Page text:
don_resqcapt19

Moderator
Staff member
I agree with you on that. Unfortunately prior to the 2008 NEC change, the Tesla design was made to circumvent the millions of garages built without protection by integrating their own GFCI protection. ...
How does the internal GFCI protection prevent you from plugging the equipment into the GFCI protected receptacle in the garage?
 

gndrod

Senior Member
How does the internal GFCI protection prevent you from plugging the equipment into the GFCI protected receptacle in the garage?
Don,
I am not sure what you are asking here. After or prior 2008 a GFCi outlet probably trips not allowing the internal vehicle GFCI to operate forcing the operator to find another receptacle outlet. I believe the design was intended to protect personnel in garages that did not have a GFCI prior to the new 2008 NEC requirement. I do not know how the Tesla technology is applied in order to answer your question. You might go on the Tesla website and see if there is additional information that I might have missed. Sorry.
 

gndrod

Senior Member
Don,
The Tesla website is constantly changing so the charging segment I bookmarked is no longer available. The best bet is to Google up the Tesla Motor Inc. for a search within the site.
 

hurk27

Senior Member
What Don is trying to get at is if this charger causes a GFCI to trip then it has a leakage current that is not allowed whether it is plugged into a GFCI or not, there are many regulations and UL standards that would prevent such a device to be marketed to consumers, and its not the GFCI in the charger that is a problem because GFCI's can be loaded of GFCI's with no problems, remember a newer Hair drier has a GFCI in its cord and most people plug it into there bathroom GFCI and it works fine. If this charger has a leakage current the is higher then the 5ma it takes to trip a GFCI then it is a hazard because it is placing a current on the grounding conductors that is not allowed.
 

hurk27

Senior Member
Ok I searched their web site, and found this info, I think your reading things wrong


Charger info for electricians

Tesla recommends installing a NEMA 14-50R receptacle connected to a non GFCI 50A breaker.
this is a 240 volt 50 amp RV/welder (not dryer as is said) receptacle and is not required to be GFCI protected in the NEC, also looking at the charging times, you would be nuts at charging with anything less as on 120 volts at 15 amps takes a whooping 48 hours, 120 volts at 20 amps 37 hours, the above 50 amp receptacle takes only 6 hours, so it will be fully charged by the time you wake up for work, and if you can supply it with 90 amps, it takes only 4 hours to fully charge. but any 240 volt method does not require a GFCI in the NEC, and even a 120 volt 30 amp wouldn't but they dont show a NEMA 5-30 receptacle option:confused:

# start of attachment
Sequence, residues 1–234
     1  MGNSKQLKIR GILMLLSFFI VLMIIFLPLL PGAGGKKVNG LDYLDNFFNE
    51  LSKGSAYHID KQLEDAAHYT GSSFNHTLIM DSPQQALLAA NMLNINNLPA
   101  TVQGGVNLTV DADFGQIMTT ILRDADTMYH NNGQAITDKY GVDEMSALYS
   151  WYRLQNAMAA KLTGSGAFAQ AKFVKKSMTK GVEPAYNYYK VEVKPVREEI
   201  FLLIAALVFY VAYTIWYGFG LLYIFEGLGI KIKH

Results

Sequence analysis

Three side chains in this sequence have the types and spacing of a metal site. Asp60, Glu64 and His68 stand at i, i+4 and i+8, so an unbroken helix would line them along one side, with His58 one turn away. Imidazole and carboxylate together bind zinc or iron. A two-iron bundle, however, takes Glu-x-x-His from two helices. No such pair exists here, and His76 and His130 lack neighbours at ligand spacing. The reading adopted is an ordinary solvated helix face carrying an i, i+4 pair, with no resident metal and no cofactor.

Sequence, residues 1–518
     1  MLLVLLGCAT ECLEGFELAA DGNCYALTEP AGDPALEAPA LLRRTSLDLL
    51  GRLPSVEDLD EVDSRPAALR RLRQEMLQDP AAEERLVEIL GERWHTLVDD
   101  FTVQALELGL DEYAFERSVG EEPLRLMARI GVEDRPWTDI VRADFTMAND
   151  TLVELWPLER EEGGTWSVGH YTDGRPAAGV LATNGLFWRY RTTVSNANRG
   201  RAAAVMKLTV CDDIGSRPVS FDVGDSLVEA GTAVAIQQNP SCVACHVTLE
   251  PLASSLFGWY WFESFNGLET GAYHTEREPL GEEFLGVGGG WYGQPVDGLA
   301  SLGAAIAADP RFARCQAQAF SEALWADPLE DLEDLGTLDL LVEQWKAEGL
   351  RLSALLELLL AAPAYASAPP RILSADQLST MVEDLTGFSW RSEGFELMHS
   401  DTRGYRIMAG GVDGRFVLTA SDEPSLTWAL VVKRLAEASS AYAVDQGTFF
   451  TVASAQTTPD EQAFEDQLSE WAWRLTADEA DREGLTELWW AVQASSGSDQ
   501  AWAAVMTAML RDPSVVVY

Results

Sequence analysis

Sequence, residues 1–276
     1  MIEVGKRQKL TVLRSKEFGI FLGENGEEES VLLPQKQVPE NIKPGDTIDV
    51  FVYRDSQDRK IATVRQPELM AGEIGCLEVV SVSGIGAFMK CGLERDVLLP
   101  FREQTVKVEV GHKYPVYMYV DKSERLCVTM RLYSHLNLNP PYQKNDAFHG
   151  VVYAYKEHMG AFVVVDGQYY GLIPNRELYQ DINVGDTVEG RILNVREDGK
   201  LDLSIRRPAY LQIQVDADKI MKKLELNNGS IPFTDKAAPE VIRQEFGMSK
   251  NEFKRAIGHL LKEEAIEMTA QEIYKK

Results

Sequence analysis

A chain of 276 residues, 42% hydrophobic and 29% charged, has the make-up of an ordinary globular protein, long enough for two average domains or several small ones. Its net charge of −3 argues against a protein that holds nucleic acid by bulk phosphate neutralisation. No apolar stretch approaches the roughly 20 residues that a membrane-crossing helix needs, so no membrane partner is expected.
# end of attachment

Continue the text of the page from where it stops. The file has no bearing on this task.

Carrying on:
web site is HERE
 

gndrod

Senior Member
Ok I searched their web site, and found this info, I think your reading things wrong


Charger info for electricians



this is a 240 volt 50 amp RV/welder (not dryer as is said) receptacle and is not required to be GFCI protected in the NEC, also looking at the charging times, you would be nuts at charging with anything less as on 120 volts at 15 amps takes a whooping 48 hours, 120 volts at 20 amps 37 hours, the above 50 amp receptacle takes only 6 hours, so it will be fully charged by the time you wake up for work, and if you can supply it with 90 amps, it takes only 4 hours to fully charge. but any 240 volt method does not require a GFCI in the NEC, and even a 120 volt 30 amp wouldn't but they dont show a NEMA 5-30 receptacle option:confused:

web site is HERE
Wayne,
There is/was a more detailed breakdown of the charging system that I am not finding on the current Tesla site data. The specs given for the variations of charging interface is the Clipper Creek Inc. charging conversion for Tesla. Dang. It is out there somewhere. I Googled up Clipper Creek and the data has been deleted. Go figure, this data was before the release of the 2008 NEC.
 
Status
Not open for further replies.
Top